Pimp Your Analytics – Multi- Attribution Marketing Explained
SEO – the name says it all. The industry itself is often encapsulated in confusing acronyms and archaic jargon, leaving us drenched by a downpour of SEMs, PPCs, 301s and .XMLs. The further you delve into this forest of wild terms, the more you realize that you’ve taken the red pill and emerged on the other side. Once you’ve moved beyond Follow-links and Redirects, you may find yourself leaping into Analytics and Funnels, and that’s where this article comes in. This far down the rabbit hole we begin to see how much control we can wield over the reams of information that dance at the tips of our fingers. Enter the fabled world of Multi-Channel Attribution….
What is Multi-Channel Attribution?
Traditional analysis of customer conversion rates (measuring how many customers complete a specific goal such as purchasing an item or registering for a service) has focused on the ‘last point of contact’, meaning that as a marketer your only choice was to attribute the entire credit for a conversion to a single channel i.e SEM paid advertisement. However, we know that in reality this isn’t always the case – there are likely to be many different factors and ‘points of contact’ that the customer encountered before completing that goal. It’s important, and highly valuable for us to know what these other ‘touch points’ were along the way, and Multi-Channel Attribution is just the trick to give us that extra, critical information.
How Does it Work?
There are actually a few different types of Multi-Channel Attribution, ranging from the traditional ‘last click’ method through to a variety of multi-point models. Here is an overview of the most common types, and I encourage you to research each of them further as each one harbours complexities that warrant a deeper look:
- Last Click – With the traditional ‘last click’ method, all of the credit is given to the last point of attribution. This has been the one most widely used, mainly due to technological limitations. With advances in tracking and analytics technology, there really is no excuse to be stuck with this method.
- First Click – The exact opposite of ‘last click’, first click is equally opaque as it does not provide a clear picture of real-world behaviour. Some companies use it to find the point where there customers are coming into first contact with the company, but without additional attribution this is limited in value.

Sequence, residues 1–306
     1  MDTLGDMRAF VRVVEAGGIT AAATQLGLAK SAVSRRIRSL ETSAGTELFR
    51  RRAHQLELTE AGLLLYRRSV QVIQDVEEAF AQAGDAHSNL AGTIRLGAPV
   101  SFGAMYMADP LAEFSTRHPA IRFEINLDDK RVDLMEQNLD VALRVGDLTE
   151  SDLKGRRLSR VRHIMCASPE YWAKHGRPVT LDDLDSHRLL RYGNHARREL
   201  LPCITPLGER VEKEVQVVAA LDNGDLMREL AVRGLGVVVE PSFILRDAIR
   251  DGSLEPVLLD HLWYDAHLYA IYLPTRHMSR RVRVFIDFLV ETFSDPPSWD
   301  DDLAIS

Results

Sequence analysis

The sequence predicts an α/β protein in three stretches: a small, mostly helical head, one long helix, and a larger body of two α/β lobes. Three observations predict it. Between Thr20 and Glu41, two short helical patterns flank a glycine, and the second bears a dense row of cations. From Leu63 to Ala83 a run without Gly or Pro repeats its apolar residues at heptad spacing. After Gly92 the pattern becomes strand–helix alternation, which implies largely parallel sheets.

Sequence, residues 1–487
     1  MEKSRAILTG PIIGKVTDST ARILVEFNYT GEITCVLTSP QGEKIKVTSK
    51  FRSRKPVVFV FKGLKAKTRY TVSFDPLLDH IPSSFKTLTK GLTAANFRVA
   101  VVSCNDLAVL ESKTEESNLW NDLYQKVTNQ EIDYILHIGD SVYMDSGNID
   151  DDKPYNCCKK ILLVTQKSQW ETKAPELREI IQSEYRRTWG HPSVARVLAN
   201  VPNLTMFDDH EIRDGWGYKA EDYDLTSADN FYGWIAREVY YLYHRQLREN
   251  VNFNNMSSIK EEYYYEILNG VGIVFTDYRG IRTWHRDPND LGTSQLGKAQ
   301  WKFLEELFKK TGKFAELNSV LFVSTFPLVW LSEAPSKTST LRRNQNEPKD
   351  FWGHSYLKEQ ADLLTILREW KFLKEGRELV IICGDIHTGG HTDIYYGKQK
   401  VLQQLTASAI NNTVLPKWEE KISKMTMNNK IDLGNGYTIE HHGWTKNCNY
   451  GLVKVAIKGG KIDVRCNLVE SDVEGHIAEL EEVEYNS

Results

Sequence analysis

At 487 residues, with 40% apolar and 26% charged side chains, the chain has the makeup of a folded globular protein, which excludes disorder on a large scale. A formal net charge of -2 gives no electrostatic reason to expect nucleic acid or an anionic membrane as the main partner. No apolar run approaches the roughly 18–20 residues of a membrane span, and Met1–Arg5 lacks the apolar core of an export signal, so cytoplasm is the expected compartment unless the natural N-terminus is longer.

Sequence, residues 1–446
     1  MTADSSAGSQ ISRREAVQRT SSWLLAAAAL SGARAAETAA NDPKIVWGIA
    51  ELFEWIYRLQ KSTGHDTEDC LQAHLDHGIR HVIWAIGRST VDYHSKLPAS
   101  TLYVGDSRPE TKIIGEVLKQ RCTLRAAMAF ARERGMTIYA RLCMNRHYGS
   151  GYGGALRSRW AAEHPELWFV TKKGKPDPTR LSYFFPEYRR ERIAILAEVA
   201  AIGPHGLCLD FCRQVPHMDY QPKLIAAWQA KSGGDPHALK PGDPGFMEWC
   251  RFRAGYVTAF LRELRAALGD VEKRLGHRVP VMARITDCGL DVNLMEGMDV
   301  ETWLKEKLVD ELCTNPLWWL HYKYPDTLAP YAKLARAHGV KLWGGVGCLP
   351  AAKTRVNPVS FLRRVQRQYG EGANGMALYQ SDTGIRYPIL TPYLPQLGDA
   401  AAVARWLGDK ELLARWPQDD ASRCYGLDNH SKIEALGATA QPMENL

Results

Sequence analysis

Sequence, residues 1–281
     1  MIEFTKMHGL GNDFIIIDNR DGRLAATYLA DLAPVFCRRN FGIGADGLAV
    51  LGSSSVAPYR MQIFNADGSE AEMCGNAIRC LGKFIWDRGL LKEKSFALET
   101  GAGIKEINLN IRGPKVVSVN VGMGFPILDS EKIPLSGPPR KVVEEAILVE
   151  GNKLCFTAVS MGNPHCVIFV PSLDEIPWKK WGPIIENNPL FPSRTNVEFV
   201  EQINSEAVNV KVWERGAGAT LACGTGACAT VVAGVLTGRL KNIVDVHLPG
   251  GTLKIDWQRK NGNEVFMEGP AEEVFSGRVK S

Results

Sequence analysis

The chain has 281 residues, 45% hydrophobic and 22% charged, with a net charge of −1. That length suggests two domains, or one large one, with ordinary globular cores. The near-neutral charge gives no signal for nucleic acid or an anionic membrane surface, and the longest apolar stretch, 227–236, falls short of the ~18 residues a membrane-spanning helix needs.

- Linear – Linear attribution divides credit equally between all points of interaction. At the very least this gives you an overview of the path that customers have taken on their way to a goal completion.
- Time Decay – Time decay attribution assigns more credit to interactions that occur closer in time to goal completion, which gives you a greater idea of the various factors at play just before customers complete a goal
- Customized – When companies and marketers understand the systems of attribution well enough, they can begin to create their own models. This is the pinnacle of Multi-Channel Attribution, as you can create a unique system that complements your company’s unique individual characteristics.
Why Should I Use It?
The benefits to Multi-Channel Attribution are numerous:
- Not only do you gain a greater understanding of your customer’s behaviour when engaging with your brand across multiple-channels, you will also be able to optimize these channels based upon this behaviour.
- You may notice that while budgeting is spread fairly evenly across different marketing departments, there could be a case to increase the budget for one sector i.e. SEO and reduce it for another i.e. SEM.
- It may prompt you to increase your social media presence, or decrease activity on Twitter and place additional emphasis on Facebook, for example. Maybe your company newsletter is sticking in people’s minds and prompting them to make a purchase a few days later…
- It can save you time, money and effort – and if that doesn’t excite you, nothing will!
Get Started Now!
Every analytics program worth its salt will give you the ability to track touch points across multiple-channels. If the software that you’re using doesn’t offer it, you may want to seriously consider switching providers. As a final word, it should be noted that a lot of companies have either not yet begun using Multi-Channel Attribution, or have only started to use it recently. This means that you and your company can start now and be miles ahead of the competition – paving the way for increased market share, revenues and hopefully, profit!
I hope that this article has given you some insight into the exciting world of Multi-Channel Attribution and inspires you to find out more about this new wave of analytics! Do you have experience with Multi-Channel Attribution? Do you plan to make the switch? Let us know your thoughts in the comments, we’d love to hear from you!